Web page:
I suggest you study a little bit the controversy of Barlaam, a former Orthodox who was condemned by the Fifth General (Ecumenical?) Council of Constantinople and embraced Catholicism for that reason. While there are RCs who did or do approve of the Eastern Orthodox doctrine of Hesychasm as explained by st. Gregory Palamas, the RCC has made no attempt to explain this and still continues to ignore the subject. Only recently, Pope John Paul II has recognized the problem of distinguishing between God's trascendence (His essence) and God's immanence (His energies) without breaking divine monism/simplicity as expressed in the Fourth Lateran Council. The theology of st. Gregory of Palamas, supported by Holy Orthodoxy, has already taken a stand on the matter from a dogmatic point of view, and can show to the RCC an alternative to a great variety of positions which vary from:
1) Understanding God without distinguishing His transcendence and immanence, as did Thomas Aquinas who said that Existence and Essence in God are one and the same thing. In Orthodoxy that would be admitting that God's ESSENCE contaminates with creation as in a sort of Pantheism.
2) Correcting the aforemantioned position saying that God's energies are created, as former Orthodox Barlaam did before and after becoming a RC bishop. This way, God sends His created energies - and thus grace - preserving His essence intact, but at the same time denying that God becomes present in the faithful (and in the saints especially) when He sends His grace. One of the conclusions of Barlaam was even that God's light, or glory, must have been created. This position implies that the mystics only see these energies, while the saints in heaven enjoy God's pure essence.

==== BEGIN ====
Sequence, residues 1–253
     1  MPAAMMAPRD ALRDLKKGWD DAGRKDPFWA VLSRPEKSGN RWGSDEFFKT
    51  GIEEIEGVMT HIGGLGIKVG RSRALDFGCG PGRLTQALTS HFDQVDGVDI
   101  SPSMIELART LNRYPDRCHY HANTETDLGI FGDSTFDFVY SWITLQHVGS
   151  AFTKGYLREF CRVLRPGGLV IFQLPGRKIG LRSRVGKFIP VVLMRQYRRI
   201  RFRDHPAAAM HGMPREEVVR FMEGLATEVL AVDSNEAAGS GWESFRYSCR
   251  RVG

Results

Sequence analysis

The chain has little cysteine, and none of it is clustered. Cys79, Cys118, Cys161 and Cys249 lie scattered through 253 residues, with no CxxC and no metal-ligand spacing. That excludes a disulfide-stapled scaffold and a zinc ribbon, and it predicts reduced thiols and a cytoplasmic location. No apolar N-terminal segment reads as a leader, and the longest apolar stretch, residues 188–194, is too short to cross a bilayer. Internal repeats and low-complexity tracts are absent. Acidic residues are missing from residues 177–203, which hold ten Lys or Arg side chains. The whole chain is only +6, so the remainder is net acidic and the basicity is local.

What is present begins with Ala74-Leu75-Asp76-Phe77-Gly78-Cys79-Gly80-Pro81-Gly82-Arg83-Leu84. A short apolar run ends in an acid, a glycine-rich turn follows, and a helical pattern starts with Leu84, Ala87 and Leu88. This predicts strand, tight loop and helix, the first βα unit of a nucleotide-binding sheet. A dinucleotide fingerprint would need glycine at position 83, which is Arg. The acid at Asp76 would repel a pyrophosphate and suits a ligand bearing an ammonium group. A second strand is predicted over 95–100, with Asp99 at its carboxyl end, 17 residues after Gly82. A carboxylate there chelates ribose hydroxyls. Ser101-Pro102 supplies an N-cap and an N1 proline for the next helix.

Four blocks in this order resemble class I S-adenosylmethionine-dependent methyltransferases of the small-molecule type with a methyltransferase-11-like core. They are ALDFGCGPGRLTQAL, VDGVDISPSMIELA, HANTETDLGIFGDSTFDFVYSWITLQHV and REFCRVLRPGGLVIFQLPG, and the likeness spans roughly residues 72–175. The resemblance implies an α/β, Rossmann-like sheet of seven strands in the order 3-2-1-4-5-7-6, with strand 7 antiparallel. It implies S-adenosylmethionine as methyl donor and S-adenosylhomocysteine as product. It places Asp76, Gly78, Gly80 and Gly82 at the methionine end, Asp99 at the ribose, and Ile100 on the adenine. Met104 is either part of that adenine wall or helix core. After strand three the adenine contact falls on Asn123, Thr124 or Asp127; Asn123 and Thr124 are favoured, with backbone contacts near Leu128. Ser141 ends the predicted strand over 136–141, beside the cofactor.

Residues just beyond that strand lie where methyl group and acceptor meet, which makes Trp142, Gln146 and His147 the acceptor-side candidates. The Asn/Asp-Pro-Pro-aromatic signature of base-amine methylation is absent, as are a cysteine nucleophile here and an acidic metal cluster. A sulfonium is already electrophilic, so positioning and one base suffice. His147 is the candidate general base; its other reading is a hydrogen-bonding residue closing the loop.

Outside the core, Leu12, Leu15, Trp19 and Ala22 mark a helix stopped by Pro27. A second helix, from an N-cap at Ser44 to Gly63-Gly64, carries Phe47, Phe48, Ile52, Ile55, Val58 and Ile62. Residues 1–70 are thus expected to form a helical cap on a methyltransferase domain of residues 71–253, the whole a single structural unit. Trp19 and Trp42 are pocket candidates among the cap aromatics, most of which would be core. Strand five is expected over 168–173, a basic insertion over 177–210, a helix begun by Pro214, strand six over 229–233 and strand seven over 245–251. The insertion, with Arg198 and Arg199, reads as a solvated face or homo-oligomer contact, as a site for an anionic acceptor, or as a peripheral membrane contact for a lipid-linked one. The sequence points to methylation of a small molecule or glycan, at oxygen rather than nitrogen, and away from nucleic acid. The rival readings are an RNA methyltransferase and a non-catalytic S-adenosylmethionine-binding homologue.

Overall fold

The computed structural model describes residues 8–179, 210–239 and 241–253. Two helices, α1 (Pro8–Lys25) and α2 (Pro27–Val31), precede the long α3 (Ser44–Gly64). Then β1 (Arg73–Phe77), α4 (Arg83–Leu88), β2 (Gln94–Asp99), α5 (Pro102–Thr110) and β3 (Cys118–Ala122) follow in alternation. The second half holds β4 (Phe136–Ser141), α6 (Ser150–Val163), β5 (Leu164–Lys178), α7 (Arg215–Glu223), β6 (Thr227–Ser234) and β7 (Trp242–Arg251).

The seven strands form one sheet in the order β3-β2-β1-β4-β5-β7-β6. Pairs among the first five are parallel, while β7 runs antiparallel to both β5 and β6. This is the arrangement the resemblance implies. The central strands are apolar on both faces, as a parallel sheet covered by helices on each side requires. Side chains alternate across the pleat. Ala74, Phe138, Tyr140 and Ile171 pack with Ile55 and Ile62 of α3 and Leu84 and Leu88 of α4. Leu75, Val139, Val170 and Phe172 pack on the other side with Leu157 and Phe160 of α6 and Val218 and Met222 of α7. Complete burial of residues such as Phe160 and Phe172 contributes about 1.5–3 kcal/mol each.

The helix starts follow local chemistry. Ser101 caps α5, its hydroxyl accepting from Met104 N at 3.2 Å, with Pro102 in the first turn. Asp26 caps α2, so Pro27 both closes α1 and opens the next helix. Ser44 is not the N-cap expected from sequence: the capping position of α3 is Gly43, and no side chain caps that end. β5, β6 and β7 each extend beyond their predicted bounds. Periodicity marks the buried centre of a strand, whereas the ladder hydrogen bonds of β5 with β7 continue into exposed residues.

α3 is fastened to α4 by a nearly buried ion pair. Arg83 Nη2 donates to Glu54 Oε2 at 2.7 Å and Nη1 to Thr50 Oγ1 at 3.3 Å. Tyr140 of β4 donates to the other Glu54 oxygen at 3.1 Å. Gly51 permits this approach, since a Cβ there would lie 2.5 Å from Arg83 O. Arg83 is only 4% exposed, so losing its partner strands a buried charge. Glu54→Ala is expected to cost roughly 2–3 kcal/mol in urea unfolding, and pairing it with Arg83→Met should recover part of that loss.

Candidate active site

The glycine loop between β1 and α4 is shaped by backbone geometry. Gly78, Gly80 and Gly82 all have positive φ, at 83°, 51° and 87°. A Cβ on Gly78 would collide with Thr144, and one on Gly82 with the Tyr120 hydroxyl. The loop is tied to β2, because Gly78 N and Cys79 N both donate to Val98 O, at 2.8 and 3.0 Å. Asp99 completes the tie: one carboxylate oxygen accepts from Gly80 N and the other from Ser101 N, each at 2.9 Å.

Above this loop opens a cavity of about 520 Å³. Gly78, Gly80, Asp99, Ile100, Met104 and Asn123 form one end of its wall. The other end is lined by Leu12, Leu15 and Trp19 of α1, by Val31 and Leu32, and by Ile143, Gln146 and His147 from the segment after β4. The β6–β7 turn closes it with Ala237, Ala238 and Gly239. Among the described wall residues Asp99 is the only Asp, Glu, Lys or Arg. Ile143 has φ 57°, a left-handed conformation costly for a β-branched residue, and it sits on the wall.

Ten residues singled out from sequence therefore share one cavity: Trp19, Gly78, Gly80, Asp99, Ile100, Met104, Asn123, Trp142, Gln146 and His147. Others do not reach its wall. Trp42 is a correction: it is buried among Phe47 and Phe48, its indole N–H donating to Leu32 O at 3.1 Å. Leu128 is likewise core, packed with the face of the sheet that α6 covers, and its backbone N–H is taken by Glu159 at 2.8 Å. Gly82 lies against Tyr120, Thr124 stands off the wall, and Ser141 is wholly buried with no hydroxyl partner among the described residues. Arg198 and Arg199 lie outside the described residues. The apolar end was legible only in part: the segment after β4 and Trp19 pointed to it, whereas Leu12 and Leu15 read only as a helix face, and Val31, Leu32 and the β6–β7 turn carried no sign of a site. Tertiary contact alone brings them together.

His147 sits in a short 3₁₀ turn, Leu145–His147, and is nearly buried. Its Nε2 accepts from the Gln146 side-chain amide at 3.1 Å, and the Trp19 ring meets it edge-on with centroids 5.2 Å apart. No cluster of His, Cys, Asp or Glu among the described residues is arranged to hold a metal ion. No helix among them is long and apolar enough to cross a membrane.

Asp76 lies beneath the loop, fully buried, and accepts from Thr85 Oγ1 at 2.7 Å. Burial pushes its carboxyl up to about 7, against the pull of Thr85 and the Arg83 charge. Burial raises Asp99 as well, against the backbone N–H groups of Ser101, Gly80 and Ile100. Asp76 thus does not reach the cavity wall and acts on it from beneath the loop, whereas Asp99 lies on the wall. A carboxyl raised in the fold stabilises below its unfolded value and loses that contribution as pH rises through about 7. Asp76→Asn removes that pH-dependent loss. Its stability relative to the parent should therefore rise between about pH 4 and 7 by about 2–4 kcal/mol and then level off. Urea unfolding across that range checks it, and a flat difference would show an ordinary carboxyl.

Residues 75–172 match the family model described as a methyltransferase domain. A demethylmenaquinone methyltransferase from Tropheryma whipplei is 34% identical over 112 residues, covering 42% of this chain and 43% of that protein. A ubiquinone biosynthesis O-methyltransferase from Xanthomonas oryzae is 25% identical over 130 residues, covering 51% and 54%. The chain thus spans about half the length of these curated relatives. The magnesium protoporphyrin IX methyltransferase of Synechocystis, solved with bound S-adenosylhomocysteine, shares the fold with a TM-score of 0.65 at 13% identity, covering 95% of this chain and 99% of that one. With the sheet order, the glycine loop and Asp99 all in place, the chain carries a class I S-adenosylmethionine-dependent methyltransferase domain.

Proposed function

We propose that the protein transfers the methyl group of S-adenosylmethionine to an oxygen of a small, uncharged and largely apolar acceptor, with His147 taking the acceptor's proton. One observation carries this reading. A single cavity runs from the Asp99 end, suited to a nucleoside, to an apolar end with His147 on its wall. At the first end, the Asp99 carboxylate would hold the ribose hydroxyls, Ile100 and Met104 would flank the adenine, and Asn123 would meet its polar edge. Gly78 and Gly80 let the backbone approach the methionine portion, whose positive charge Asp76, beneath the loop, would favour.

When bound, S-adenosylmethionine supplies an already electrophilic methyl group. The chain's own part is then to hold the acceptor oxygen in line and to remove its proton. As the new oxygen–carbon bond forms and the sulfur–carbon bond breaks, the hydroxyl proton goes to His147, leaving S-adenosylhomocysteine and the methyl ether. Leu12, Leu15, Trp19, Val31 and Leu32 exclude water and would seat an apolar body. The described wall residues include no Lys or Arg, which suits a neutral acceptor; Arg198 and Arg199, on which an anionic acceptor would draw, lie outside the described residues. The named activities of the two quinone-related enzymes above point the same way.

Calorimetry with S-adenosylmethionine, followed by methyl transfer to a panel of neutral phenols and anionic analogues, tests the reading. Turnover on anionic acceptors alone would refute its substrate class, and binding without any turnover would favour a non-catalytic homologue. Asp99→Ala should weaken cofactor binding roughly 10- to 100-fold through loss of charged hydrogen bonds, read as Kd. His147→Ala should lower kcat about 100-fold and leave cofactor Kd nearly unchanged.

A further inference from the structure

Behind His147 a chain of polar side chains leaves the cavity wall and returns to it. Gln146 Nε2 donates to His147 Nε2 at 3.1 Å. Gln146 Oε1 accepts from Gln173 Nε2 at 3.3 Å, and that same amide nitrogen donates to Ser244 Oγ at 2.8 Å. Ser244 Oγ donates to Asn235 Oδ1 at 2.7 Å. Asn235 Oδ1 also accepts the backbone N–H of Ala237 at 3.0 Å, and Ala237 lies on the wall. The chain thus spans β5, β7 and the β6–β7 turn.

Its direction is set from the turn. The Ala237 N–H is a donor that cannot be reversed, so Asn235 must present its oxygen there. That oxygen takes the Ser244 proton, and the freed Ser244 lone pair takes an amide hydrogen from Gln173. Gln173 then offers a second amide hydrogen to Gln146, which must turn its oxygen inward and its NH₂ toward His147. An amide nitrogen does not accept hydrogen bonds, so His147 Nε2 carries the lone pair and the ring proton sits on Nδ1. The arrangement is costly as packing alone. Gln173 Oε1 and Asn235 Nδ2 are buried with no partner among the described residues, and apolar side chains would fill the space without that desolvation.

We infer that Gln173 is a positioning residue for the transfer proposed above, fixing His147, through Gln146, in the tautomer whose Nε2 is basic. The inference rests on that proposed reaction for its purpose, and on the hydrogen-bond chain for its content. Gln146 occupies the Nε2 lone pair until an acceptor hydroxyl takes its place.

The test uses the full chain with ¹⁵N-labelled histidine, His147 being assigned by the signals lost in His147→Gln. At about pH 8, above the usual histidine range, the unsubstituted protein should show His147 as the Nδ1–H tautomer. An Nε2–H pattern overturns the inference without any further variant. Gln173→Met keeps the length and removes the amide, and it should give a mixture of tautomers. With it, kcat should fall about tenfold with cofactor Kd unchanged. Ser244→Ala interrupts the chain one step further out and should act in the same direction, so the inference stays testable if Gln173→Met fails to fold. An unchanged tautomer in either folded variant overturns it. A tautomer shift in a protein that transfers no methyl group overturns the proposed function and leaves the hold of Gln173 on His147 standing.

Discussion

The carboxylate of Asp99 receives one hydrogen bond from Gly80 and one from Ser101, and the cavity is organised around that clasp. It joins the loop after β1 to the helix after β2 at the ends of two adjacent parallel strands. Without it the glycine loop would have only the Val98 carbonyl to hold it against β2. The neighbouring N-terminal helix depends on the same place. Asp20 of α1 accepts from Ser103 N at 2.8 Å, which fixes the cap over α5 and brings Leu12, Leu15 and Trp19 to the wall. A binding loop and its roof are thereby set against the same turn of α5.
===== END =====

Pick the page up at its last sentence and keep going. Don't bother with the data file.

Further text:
3) Preserving the Orthodox position which explains God as both unchangeable in His transcendental essence and dynamic in His immanent energies. This way, both the mystics and the saints in heaven have an experience of God's energies which are indeed God in his dynamis, what the Bible calls the "face of God". From a technical point of view, Moses saw God "face to face", but the Gospel of st. John says that "Nobody at any time has ever seen God: but the Unbegotten Son has revealed Him". From a Catholic perspective, as sanctioned in the writings of Augustine of Hippo, the light witnessed by Moses and by the three apostles at Transfiguration (which the Orthodox call "Tabor Light") was created, and thus the only light which will be visible is the Beatific Vision of God's essence. This could be used as the only defence of Barlaam's position, but the statement of John doesn't demonstrate anything, or better, it can easily be disproved by the words "but the Unbegotten Son, who is the bosom of the Father, has revealed Him". In fact, both the same apostle John with Peter and James, but also Moses himself, clearly saw God in His uncreated glory. This is possible because, from an Orthodox perspective, "the Son of God" has revealed to these men the Uncreated Glory of God before their deaths. In fact, the three apostles saw Jesus in His glory on Tabor, and Moses saw God as the "Angel of the Face (or "of the presence") of the Lord" which is Jesus before His incarnation.
As a Roman Catholic, you might have a choice to go against the major tendency (which is not dogmatized, but implied) of your Church and witness an uncreated Energy as distinct but inseparable from God's essence, preserving intact the monism/simplicity of God.
In Christ, Alex